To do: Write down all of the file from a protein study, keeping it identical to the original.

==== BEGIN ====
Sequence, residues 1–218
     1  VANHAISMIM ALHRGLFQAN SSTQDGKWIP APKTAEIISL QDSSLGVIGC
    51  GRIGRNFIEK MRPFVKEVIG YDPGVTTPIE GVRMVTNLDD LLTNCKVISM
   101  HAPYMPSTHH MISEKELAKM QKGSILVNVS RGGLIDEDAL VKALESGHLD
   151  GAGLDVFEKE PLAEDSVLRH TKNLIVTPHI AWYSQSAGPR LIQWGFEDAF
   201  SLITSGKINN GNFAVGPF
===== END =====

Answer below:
Sequence, residues 1–218
     1  VANHAISMIM ALHRGLFQAN SSTQDGKWIP APKTAEIISL QDSSLGVIGC
    51  GRIGRNFIEK MRPFVKEVIG YDPGVTTPIE GVRMVTNLDD LLTNCKVISM
   101  HAPYMPSTHH MISEKELAKM QKGSILVNVS RGGLIDEDAL VKALESGHLD
   151  GAGLDVFEKE PLAEDSVLRH TKNLIVTPHI AWYSQSAGPR LIQWGFEDAF
   201  SLITSGKINN GNFAVGPF